September 4, 2010

The Lesser of Two Evils

My wife just wrote a blog after listening to two sermons, one by Rob Bell and the other by Perry Noble, that were ironically preached on the exact same Sunday about how there is a huge generational gap spreading in our churches. She stated that this is something we need to pay attention to as well and that this is a problem that needs to be addressed. Throughout her blog, she talks about the implications this has on marriage and relationships. (Read her blog here: http://holymessofmarriage.blogspot.com/2010/09/lets-get-together.html)

There has been a lot of conversation about this issue and topic in the Church today as we try to figure out what to do with our differing cultures that exist from generation to generation. Our young people are not being engaged in our churches very well today and many have chosen to simply leave. The 18-30 year old demographic is the biggest one missing from the church. And for many of our youth, they are clueing into the pattern that their older siblings and friends are setting. It seems that the older kids get, the more they are pulling away from the church.

As the Church figures out how to handle this, I feel that many in Youth Ministry are put between a rock and hard place trying to figure out the lesser of two evils. What do I mean? Let me explain:

For many, I don’t think it is a huge debate that segregated worship isn’t the best way to go within a church. The Bible stresses the importance of family and The Body of Christ meeting together and benefiting one another with the different gifts and experiences of each person. There is something powerful about bringing generations together. I once had our youth band play with our organist for one song and it was pretty cool! Everyone kind of got a piece of something they wanted and needed as we sang together.

I think it can also be agreed upon that one of the reasons young adults are walking away from the Church is because many of them never felt connected to it. For years in Youth Ministry, we created a one-eared Mickey Mouse that left the kids a completely separate entity. Then when they graduated from high school and our ministries, it was like they were graduating from the church as well.

On the other hand though, to just say that this isn’t healthy and that we shouldn’t segregate our youth doesn’t address the full picture of the issue at hand. The question we still need to ask is why are Youth Ministries creating separate worship services and programs for our teens? Beyond the quick answer of developmental differences or maturity level one has to consider the issue of what teens need to be fed spiritually.

One of the other reasons young adults are walking away from the church is because they simply don’t find it relevant any more. Some Senior Pastor’s don’t know how to teach in a way that engages students at the same time as adults and some topics don’t easily apply across generations. Many of our churches still rely heavily on audible learning styles when many of our young people, due to technology, are much more hands on and visual when it comes to learning. When it comes to visual learning, the church is decades behind the world that embraces and catches the eyes of most young people. And when it comes to hands on approaches, many argue they are not appropriate within a Sunday service. Also serving, which is also a big component of hands on learning, is left for the adults and watched carefully under the excuse for quality control.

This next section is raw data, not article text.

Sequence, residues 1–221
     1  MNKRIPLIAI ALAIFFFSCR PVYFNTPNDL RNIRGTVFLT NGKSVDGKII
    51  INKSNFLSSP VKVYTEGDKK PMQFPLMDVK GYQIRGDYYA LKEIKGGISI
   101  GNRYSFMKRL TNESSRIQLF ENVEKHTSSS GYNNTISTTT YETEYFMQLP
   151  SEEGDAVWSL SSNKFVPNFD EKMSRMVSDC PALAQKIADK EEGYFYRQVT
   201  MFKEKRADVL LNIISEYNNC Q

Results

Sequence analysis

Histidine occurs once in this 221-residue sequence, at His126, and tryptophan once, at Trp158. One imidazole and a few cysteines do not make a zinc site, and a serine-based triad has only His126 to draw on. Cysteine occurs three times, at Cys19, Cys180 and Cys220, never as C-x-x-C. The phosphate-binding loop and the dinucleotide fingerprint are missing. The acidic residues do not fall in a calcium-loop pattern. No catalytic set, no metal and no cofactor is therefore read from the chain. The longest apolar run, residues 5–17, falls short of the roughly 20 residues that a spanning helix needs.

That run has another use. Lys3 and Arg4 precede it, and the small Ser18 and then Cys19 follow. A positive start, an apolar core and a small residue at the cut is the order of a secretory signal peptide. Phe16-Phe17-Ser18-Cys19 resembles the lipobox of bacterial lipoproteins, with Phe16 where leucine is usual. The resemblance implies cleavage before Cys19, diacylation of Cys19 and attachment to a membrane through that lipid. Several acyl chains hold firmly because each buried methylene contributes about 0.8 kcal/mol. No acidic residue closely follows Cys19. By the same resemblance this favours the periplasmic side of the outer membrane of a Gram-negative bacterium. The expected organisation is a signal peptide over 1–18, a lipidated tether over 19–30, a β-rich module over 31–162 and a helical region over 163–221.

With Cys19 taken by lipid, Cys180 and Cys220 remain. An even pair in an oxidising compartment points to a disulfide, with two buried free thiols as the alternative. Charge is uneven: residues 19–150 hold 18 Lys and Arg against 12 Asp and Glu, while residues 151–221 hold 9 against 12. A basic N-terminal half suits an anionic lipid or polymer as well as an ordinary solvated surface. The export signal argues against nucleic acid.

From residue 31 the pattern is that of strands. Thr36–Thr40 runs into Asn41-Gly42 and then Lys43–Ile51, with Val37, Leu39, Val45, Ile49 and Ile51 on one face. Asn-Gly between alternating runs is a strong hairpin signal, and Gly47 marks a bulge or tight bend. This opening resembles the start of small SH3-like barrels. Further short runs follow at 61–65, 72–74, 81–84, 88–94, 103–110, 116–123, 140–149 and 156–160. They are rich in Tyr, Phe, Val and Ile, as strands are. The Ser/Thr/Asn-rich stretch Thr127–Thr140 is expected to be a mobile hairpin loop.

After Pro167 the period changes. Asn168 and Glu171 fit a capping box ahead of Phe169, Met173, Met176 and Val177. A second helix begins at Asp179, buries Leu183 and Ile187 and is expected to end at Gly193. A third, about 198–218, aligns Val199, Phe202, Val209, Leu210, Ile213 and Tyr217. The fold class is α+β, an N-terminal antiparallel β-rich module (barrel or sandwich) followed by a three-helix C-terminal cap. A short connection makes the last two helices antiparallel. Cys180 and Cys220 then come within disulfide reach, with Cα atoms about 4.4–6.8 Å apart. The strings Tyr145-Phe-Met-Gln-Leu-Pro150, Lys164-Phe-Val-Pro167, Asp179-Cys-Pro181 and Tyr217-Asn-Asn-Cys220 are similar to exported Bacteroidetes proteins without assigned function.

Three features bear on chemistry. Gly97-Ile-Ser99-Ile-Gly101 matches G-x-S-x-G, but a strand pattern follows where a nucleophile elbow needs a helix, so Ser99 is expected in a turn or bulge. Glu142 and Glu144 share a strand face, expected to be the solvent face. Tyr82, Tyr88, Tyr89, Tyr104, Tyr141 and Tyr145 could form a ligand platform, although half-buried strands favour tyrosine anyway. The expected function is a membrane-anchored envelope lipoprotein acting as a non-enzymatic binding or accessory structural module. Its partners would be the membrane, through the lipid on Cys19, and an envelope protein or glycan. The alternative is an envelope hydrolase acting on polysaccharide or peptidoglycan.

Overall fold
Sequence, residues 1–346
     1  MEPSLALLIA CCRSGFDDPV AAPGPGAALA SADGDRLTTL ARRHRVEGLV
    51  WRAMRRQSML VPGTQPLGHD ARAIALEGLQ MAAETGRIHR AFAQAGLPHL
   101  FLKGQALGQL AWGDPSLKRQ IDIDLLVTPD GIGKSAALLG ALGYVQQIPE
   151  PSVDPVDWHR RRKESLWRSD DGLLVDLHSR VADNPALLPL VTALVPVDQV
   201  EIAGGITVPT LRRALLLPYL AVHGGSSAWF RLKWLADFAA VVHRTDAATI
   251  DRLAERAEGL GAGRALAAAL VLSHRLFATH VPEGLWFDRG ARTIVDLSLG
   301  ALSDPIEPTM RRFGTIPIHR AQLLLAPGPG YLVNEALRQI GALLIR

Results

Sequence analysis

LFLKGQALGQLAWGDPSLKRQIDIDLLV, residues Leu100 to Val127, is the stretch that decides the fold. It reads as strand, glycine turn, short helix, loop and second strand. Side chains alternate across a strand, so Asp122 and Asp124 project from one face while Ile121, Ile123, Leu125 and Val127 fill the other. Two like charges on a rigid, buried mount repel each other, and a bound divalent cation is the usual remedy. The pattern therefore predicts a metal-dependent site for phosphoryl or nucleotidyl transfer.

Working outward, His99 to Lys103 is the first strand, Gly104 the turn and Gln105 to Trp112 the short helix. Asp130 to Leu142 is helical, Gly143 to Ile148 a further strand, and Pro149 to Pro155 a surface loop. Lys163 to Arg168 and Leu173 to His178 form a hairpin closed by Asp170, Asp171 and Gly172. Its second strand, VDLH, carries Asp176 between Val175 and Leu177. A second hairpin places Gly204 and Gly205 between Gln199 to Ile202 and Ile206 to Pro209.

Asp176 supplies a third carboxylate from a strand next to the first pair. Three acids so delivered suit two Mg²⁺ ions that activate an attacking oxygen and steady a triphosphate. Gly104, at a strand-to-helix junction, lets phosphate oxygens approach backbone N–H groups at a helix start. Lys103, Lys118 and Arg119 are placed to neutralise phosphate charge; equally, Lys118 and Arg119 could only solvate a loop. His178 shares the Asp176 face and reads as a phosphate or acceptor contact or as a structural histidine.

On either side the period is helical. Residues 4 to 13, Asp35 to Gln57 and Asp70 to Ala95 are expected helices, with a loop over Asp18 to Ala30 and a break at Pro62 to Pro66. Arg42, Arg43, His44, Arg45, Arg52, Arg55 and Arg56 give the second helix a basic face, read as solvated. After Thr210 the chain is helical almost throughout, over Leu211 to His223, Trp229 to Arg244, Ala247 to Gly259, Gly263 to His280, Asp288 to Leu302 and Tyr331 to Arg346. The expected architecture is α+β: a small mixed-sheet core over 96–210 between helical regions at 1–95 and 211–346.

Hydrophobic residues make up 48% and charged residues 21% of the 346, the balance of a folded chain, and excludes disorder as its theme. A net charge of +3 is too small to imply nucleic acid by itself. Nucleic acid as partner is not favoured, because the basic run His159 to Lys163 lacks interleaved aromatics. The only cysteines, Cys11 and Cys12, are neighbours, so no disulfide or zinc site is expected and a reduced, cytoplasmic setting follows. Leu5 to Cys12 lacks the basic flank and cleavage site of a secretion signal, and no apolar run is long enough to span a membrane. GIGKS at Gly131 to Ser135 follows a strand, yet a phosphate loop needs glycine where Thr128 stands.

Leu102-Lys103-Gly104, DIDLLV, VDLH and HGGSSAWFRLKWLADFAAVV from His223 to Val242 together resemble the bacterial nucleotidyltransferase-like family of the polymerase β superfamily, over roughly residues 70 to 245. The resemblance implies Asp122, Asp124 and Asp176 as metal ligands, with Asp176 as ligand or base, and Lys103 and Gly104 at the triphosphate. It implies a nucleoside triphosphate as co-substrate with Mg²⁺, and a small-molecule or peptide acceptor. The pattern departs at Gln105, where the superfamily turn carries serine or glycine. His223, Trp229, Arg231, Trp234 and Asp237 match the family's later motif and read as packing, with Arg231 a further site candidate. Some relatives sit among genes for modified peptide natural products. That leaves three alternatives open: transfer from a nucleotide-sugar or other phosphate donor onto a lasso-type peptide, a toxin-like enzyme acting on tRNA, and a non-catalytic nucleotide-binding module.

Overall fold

So, segregating worship isn’t the best thing to do and is possibly one of the reasons young adults are leaving the church but at the same time we have young people saying they need something different and many churches are telling them no which leads to another reason young adults are leaving. Then the leadership of these generations are left to choose between the lesser of two evils: do I segregate worship and give young people a worship experience they can connect with OR do we allow young people to feel that the church isn’t relevant?

For many, including myself as we launch a Youth Gathering this fall, choose the former as being the lesser evil. But overall, it makes my heart sad that the decision even comes to this. The Church is supposed to be a place where we can all come together to give – give to one another and to Christ. But all too often Church has become about getting and not bending for others and in my experience this is much stronger when it comes to adults than our teens.

I once had a Senior Pastor who told me that I had to teach our kids about the importance of hymns and liturgy, which I agreed and did but yet when the table was turned and I expressed that the adults should be taught how to appreciate more contemporary music and a different preaching style, I was met with hesitance and concern. It’s almost like some churches have this attitude of, “The adults do church the correct way. So let the kids be kids for now but eventually they need to learn how to do church right when they grow up.” This couldn’t be any further from the truth.

Within our ministries and our churches we need to work hard at trying to bridge this gap between generations and we as the adults need to learn to lay down our pride and our likes and instead look to the next generation of church leaders and incorporate them into our worship. Sure, we will have enjoyed church and got a lot out of it but will it really be worth it in the long run? Without our young people being connected and fed, the future of our churches will be a very empty place.

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